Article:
Despite the down year, owner Frank Leonard of Augusta in the Southern League added McMackin to his squad along with Paddy Boyle. The Southern League disbanded after only a month or so. Leonard took over the Taunton Herrings in the Class B New England League in early June and took a contingent north with him, including McMackin and Boyle. Despite being worn out and a bit queasy from the ocean voyage from Georgia, McMackin, “a young southpaw (with) a very deceptive change of pace, quick curves and good speed,”6 made a great first impression, going 12 innings in his first start for the win over Fall River. The league disbanded after games of July 4. Any hope of making a salary like the one he had in Paterson disappeared quickly for McMackin. Attendance was so bad in Taunton that over the last 20 days of the season the players earned only $5 each.7 McMackin reportedly accompanied Leonard to Cortland, New York, in the New York League. When that franchise closed down, he went back to roofing in Cleveland, no doubt hoping for a steady pay check.

After two lackluster seasons, McMackin was looking for a better situation. When Ted Sullivan contacted him about a return to the Class C Southern League, both he and Boyle packed their bags to go south. Sullivan headed the Montgomery (Alabama) Senators and featured veteran King Bailey in tandem with McMackin. The team was shifted to Dallas and lasted about 40 games with McMackin and Bailey pitching 290 innings and 26 complete games. When the franchise folded in mid-June, McMackin moved to the Houston Buffalos in the Class C Texas League. He posted a 7-8 record with them. In late July he went to Emporia, Kansas, to play for an independent ballclub.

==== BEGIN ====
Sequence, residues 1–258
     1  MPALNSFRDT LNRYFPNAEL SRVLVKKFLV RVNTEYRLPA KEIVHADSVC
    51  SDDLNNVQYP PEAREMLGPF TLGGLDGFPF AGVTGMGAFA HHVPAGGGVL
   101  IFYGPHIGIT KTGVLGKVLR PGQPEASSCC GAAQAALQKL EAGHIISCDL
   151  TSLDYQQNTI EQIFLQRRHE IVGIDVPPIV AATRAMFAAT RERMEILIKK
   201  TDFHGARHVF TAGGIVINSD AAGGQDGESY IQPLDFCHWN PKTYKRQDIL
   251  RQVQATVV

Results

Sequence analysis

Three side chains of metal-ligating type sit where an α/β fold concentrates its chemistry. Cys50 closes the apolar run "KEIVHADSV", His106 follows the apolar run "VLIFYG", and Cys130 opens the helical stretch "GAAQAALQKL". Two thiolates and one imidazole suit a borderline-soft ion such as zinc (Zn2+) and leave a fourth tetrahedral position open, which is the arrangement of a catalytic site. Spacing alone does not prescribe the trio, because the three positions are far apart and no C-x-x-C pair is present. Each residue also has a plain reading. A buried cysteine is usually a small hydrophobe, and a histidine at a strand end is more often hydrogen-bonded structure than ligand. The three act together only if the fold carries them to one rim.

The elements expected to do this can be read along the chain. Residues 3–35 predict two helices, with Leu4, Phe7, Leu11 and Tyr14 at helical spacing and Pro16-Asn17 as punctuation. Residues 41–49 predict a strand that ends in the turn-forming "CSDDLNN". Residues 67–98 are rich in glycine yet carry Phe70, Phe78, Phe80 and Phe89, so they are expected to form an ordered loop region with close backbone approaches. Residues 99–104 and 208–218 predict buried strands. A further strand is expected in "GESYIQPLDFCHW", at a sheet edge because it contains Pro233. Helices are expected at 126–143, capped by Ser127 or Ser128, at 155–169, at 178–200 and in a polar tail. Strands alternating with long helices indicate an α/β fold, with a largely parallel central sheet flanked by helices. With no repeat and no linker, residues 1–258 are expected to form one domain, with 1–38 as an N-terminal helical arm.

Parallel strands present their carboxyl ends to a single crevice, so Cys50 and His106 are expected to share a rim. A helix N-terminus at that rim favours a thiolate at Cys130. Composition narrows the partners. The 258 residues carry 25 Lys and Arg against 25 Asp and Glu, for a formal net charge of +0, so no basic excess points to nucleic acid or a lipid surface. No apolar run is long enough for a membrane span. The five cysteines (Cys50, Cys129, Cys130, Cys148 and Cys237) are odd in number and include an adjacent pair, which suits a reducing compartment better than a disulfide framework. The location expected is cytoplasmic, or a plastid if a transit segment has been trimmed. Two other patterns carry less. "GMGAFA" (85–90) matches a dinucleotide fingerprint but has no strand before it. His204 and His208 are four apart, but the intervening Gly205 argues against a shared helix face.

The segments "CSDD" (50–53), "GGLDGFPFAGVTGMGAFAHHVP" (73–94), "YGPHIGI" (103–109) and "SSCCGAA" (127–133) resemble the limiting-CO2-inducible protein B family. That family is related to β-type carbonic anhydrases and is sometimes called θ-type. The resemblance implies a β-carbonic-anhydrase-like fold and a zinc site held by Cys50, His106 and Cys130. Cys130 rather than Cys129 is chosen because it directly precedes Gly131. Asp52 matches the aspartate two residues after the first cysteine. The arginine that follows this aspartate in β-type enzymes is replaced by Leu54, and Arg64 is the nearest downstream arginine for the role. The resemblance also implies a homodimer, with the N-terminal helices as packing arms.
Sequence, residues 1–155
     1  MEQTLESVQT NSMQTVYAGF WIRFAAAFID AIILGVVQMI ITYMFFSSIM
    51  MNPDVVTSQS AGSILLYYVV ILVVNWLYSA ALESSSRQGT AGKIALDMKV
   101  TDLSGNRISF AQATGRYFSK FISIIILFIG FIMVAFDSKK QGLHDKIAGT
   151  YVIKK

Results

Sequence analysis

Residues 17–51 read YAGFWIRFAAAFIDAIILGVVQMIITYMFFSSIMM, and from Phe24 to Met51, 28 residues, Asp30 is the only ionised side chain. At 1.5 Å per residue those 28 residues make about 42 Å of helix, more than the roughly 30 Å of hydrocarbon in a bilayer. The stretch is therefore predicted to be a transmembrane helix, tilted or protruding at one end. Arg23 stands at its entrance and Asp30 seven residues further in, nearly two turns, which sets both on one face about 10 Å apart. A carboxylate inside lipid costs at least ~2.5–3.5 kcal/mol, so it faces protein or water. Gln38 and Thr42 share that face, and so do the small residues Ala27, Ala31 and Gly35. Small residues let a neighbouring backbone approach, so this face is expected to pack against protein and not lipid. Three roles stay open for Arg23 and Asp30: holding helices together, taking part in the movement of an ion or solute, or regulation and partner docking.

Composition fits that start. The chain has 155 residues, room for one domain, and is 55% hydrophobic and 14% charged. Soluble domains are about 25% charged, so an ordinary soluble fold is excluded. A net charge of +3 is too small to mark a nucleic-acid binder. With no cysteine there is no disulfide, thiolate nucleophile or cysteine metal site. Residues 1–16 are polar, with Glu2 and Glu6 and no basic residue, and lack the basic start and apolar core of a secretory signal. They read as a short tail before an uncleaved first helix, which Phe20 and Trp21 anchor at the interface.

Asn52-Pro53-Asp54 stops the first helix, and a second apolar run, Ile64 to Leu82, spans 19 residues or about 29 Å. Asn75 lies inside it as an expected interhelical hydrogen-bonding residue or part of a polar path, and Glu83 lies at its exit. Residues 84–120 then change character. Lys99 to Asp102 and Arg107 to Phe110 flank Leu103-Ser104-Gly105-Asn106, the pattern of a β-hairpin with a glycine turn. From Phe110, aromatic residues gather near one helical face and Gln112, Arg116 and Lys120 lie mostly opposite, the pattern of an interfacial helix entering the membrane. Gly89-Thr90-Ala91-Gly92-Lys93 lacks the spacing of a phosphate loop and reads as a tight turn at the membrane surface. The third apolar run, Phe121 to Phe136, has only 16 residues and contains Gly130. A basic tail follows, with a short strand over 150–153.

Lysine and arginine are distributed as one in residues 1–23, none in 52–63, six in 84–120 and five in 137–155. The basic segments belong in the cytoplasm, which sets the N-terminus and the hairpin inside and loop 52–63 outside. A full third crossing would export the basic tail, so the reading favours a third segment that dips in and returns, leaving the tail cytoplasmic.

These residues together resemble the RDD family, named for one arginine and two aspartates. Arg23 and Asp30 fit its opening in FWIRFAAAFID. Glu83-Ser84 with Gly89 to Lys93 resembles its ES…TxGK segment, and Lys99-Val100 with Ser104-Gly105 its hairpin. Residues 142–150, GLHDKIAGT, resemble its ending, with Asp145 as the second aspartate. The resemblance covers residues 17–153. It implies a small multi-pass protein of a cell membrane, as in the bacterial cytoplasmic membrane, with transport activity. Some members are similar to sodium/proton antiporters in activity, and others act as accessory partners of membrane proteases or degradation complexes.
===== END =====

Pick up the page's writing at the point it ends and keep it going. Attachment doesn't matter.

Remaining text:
The 1900 census lists McMackin with a wife named Clara. It noted that they had been married one year. The obituary in the February 12, 1903, Cleveland Plain Dealer said it was a four-year marriage. Considering that some of the other information in the newspaper article was not chronologically accurate, an 1899 marriage seems likely.

Sam and Clara lived in Decatur, Illinois, during the June 1900 census while he pitched for the Commodores in the Central Illinois League. He had begun the year with Elmira in the Atlantic League, where he was involved in the arrest of the Elmira and Birmingham teams for playing ball on Sunday in Elmira on April 22. The case went to trial a few days later and all the players were acquitted after jury deliberation of three minutes.8 McMackin had originally signed with Decatur, but skipped out to play with Elmira. When he did not appear in Decatur for the start of training, it was reported that his wife was too sick to travel. He started the season with a lame arm, but rounded into shape and become an Elmira fan favorite. In mid-May McMackin was ordered to honor his original pact with Decatur.9 He returned to Decatur and used his guile and intelligence to have a successful season. The arm was not as good as it was in his prime and issues with his conditioning and lifestyle arose. He missed a game because of “boils” – sometimes a cover for being drunk. On another occasion McMackin could not pitch because of the heat, again raising questions about his condition. When the season wrapped up, the couple stayed in Decatur for the winter. They would also reside there in the offseason of 1901-02.